And the motion to withdraw State's Exhibit One from the jury came too late to preserve any alleged error since it was made after the exhibit had been admitted and after the State had rested its case. Klein v. State, Tex.Cr.App., 384 S.W.2d 872; Fernandez v. State, 158 Tex.Cr.R. 266, 254 S.W.2d 1004.

The appellant's first ground of error is overruled.

The appellant's second ground of error complains that there was written material on State's Exhibit One which constituted hearsay. The notation was as

follows: "Shooting 900 Luella 11-8-69 11:55 p Victim: Artie R. Ewing Jr. J. W. Burkhart 599 Red 67 Chev 2 Dr. DZY 708 #1 & #2 from outside, Rt door glass #3 from inside rt. vent glass"

It appears that the writing complained of consists of a notation as to the place, date, time, victim, the officer's name, and a description of the automobile and the location of the automobile from which the fingerprints were taken. There was no notation on the card which connected or would tend to connect the appellant with the offense charged. "The notations were means of identification of the exhibits and nothing *435 of an evidentiary nature was presented to the jury which was not otherwise properly before them." Ragland v. State, Tex.Cr. App., 391 S.W.2d 418; Ellison v. State, 154 Tex.Cr.R. 448, 227 S.W.2d 817.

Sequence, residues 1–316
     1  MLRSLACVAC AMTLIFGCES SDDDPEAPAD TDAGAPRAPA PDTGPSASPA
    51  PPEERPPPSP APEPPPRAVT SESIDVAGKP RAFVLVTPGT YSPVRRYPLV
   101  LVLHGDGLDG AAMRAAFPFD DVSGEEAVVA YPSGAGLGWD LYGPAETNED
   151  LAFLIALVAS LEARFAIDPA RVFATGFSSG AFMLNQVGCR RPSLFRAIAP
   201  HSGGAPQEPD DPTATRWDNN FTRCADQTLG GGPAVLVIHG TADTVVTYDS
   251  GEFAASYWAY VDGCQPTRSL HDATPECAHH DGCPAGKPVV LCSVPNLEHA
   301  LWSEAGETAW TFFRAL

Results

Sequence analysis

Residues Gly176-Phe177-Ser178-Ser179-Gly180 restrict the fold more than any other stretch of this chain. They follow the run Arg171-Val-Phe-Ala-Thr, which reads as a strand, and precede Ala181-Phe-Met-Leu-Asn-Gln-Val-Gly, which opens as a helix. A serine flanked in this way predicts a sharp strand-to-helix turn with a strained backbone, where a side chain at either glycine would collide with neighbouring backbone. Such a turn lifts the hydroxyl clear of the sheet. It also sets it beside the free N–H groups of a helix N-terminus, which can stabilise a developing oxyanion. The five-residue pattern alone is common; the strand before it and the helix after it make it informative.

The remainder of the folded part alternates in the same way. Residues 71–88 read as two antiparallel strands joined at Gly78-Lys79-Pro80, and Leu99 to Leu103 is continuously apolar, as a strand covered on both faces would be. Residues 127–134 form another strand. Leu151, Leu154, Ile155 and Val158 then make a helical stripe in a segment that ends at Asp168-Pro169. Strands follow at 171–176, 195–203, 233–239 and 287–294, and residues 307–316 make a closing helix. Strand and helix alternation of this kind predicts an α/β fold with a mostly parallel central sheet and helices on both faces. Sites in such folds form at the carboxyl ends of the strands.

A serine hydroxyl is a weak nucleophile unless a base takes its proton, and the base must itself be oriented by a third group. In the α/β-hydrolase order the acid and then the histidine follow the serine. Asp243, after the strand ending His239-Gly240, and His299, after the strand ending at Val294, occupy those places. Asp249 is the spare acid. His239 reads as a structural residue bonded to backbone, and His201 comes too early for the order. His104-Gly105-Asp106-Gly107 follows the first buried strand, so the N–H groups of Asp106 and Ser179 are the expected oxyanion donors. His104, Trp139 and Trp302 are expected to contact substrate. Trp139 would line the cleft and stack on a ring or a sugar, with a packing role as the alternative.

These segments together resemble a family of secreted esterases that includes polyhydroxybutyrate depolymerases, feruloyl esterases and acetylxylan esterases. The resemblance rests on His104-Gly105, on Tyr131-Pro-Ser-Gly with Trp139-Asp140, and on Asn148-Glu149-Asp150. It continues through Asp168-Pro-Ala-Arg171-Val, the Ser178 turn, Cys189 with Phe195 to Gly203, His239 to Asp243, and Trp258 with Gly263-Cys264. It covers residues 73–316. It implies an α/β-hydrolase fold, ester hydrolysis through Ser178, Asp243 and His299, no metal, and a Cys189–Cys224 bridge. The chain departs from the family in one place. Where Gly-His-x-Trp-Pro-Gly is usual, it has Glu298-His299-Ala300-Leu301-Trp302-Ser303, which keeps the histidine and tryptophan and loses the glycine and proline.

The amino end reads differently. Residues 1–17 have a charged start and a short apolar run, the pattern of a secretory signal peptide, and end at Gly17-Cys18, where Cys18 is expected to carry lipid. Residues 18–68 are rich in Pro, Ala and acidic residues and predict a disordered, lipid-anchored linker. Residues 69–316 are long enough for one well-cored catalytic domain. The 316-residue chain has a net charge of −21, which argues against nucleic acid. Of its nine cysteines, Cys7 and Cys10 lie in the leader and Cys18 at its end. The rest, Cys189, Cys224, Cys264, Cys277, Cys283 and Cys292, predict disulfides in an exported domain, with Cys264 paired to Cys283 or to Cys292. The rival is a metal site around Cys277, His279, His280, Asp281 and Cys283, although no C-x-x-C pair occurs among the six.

The appellant's second ground of error is overruled.

The appellant's third ground of error complains of State's Exhibit One because the State failed to prove the chain of custody from the time the exhibit was recovered by the police officers until the time it reached the court. Objections were not timely made to the exhibit on these grounds, as explained in the discussion of appellant's first ground of error. See also: Watkins v. State, Tex.Cr.App., 411 S.W.2d 364.

The appellant's third ground of error is overruled.

Lastly, the appellant complains of Burkhart's testimony "because the State failed to comply with the defendant's request to furnish him with a list of all the witnesses the State expected to use."

The record reflects that when Burkhart took the stand, the appellant objected to his testimony for the reasons stated in the ground of error. Following this objection, the jury was excused and the attorneys argued over what the State's attorneys furnished to the defense attorneys and whether this witness's name was on the list. The court overruled the objection.

Art. 20.20 of the Vernon's Ann. Code of Criminal Procedure provides that the attorney for the State shall endorse on the indictment the names of the witnesses upon whose testimony it was found. Such endorsement can be compelled by motion, but the testimony of a witness will not be excluded because his name is not on the indictment. Mullins v. State, Tex.Cr.App., 425 S.W.2d 354. The statutory provision that the names of the witnesses upon whose testimony the indictment is found shall be endorsed thereon is directory and not mandatory. Hackathorn v. State, Tex.Cr.App., 422 S.W.2d 920.

No motion to compel the State to so endorse the names of the witnesses or to furnish them to the appellant's attorneys is in the record and although it appears from the discussion outside the presence of the jury that a list was furnished, that list is not in the record and the contents thereof are unknown.

Since no motion was made, no error is shown, and the appellant's fourth ground of error is overruled.

There being no reversible error, the judgment is affirmed.


[1] They were introduced as State's Exhibit One.

[2] Introduced as State's Exhibit Two.